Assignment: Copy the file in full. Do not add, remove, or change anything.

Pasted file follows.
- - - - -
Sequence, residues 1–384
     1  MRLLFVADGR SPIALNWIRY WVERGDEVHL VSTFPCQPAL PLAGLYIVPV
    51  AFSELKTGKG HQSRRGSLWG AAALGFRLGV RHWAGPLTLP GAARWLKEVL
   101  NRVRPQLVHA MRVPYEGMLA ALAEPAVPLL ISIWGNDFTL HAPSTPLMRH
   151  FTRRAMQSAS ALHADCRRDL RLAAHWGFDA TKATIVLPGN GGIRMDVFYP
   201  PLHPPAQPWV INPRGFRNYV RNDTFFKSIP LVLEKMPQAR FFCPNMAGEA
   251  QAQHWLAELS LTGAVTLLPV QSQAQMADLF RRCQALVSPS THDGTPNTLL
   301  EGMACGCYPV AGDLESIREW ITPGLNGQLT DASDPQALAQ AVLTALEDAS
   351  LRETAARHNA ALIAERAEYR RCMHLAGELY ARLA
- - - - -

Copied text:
Sequence, residues 1–384
     1  MRLLFVADGR SPIALNWIRY WVERGDEVHL VSTFPCQPAL PLAGLYIVPV
    51  AFSELKTGKG HQSRRGSLWG AAALGFRLGV RHWAGPLTLP GAARWLKEVL
   101  NRVRPQLVHA MRVPYEGMLA ALAEPAVPLL ISIWGNDFTL HAPSTPLMRH
   151  FTRRAMQSAS ALHADCRRDL RLAAHWGFDA TKATIVLPGN GGIRMDVFYP
   201  PLHPPAQPWV INPRGFRNYV RNDTFFKSIP LVLEKMPQAR FFCPNMAGEA
   251  QAQHWLAELS LTGAVTLLPV QSQAQMADLF RRCQALVSPS THDGTPNTLL
   301  EGMACGCYPV AGDLESIREW ITPGLNGQLT DASDPQALAQ AVLTALEDAS
   351  LRETAARHNA ALIAERAEYR RCMHLAGELY ARLA